A Taste for Impressionism: Modern French Art from Millet to Matisse
There are two ways to approach this show, the nearest we have to a blockbuster in Edinburgh this summer. On the one hand, it’s a show about art collecting, telling the stories of the individuals who invested in French art, from the Barbizon School through Impressionism to the post-Impressionists and the Fauves. Curator Frances Fowle draws out of the stories of the men and, most interestingly, the women, who bought work regarded by many as dangerously avant-garde: look out for Fleet Street editor and early feminist Rachel Beer and yachtswoman Elizabeth Workman.
On the other hand, you can simply enjoy a show which brings together some of the most beautiful and popular works in the National Galleries Scotland collection: Monet, Pissarro, Van Gogh, Gauguin, paintings and sculptures by Degas. And a surprise in the final room: a gloriously fresh presentation of Matisse’s Jazz series from the 1940s. This, alone, might be worth the ticket price.
Cooking Sections and Sakiya: In the Eddy of the Stream
Art collective Cooking Sections are best known for their Climavore project for Skye’s Atlas Arts which focusses on finding sustainably produced food alternatives to farmed salmon. Their work, around food and ecology, is science- and community-based, and this is a rare chance to find them in a gallery.
There’s still science - a project with RBGE scientists looking at the symbiotic relationship between wild salmon and Scottish forests - and there are various attempts to make an eco-friendly cement from crushed shells. Get an oyster reading if you can (available weekends, book in advance) and be prepared to learn a few things about oysters and possibly even a few things about yourself.
Cooking Sections has brought in Sakiya, a farm, research base and art project in the occupied territories near Ramallah, to share the space. Their work is a reminder that food and farming quickly touch on issues of colonialism, land ownership and freedom.
When Ishiuchi Miyako’s mother died, her work changed direction. She began to photograph in colour for the first time, making studies of her mother’s clothes and possessions: an old lipstick, a lace nightdress photographed on a light box, half-transparent, yet still carrying the shape of the woman who once wore it.
The resulting body of work, ‘Mother’s’, was shown at the Venice Biennale in 2005. As a result, she was approached by the Hiroshima Peace Museum to work with the clothes and possessions of people affected by the blast. Damaged dresses, a school uniform, a broken watch, powerfully evoke the havoc wreaked by the bomb on thousands of ordinary lives.
In a further project, she worked with the Frida Kahlo Museum, photographing the artist’s personal effects. Two crusted bottles of nail varnish, a cigarette case, a corset decorated by the artist conjure the real Frida in new and surprising ways. All three projects are a powerful reminder of the way things - especially clothes - can suggest presence, absence and loss.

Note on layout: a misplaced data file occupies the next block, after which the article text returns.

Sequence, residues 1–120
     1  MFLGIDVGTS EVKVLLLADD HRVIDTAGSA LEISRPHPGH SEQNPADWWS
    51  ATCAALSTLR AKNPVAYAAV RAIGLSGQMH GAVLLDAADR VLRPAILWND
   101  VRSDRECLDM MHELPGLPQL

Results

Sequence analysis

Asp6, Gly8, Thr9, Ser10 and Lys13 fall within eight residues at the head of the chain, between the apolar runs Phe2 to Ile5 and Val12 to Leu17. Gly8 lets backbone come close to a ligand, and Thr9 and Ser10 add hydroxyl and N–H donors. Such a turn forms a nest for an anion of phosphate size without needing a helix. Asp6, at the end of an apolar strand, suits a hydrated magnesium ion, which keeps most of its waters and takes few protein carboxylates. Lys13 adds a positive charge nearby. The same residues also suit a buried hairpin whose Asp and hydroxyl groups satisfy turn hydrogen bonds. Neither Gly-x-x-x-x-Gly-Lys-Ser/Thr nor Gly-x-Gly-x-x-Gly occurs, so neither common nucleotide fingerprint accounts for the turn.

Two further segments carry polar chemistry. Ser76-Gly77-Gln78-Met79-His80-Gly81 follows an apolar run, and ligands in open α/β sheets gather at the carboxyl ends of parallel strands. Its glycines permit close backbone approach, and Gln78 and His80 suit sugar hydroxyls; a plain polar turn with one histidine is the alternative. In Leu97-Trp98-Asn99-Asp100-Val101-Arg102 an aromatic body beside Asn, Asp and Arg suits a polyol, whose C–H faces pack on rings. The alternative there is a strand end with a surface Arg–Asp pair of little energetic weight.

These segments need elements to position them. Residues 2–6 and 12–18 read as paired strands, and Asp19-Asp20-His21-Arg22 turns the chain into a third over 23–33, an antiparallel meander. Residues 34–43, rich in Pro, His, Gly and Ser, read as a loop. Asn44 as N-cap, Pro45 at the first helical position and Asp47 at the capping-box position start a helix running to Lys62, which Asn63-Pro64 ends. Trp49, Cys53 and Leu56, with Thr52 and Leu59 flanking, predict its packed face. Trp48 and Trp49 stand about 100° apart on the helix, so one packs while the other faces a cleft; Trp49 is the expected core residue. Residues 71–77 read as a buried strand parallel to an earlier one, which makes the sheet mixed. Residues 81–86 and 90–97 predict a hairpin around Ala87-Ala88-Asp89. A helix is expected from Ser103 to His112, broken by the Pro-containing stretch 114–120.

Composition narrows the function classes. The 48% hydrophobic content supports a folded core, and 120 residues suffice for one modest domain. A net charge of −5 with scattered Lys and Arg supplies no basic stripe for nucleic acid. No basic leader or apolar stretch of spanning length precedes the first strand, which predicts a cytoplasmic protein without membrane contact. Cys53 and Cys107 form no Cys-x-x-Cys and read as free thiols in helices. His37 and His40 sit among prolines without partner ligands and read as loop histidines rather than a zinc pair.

Alan Davie: Beginning of a far-off world
Alan Davie’s centenary in 2020 came and went with no gallery in Scotland seeking to mark it. The challenge was instead taken up by emerging curator Siobhan McLaughlin, in partnership with Dovecot Studios, and this rare and special show has been drawn mainly from private collections.
Every decade of Davie’s long career is represented, from paintings done as a recent graduate to the vigorous and detailed biro sketches of his final years. The works are arranged in pairs or groups and, while it’s not chronological, it’s possible to trace the evolution of his style from loose painterly style abstracts to his own brand of symbolism, drawing on a range of ancient and indigenous cultures.
With his willingness to look outside mainstream western cultures, a tendency to mix and match his source material and work intuitively in a kind of painterly jazz, it’s no surprise that a whole new generation are falling in love with his work 100 years after his birth.
Tracey Emin: I Lay Here For You
The installation of Tracey Emin’s large-scale bronze sculpture, I Lay Here For You, in the woods at Jupiter Artland was delayed for two years by the pandemic. The six-metre long a female nude now lies on a bed of dead leaves in a grove of trees on the estate looking, surprisingly, bigger and more monumental that she did when shown in a white-space gallery.
While the sculpture was made back in 2018, Emin accompanies it with an exhibition of work from the last two years, her journey through the pandemic and her battle with cancer. Populating various spaces - paintings in the ballroom, a sculpture in the doocot, a suite of prints and further paintings in the Stables Gallery - these works are raw but ultimately life-affirming. If her Journey to Death show in Margate in early summer embraced mortality, this show embraces life. There are a lot of beds, but the bed as a place of sanctuary, recovery, affection and companionship as well as, yes, sex.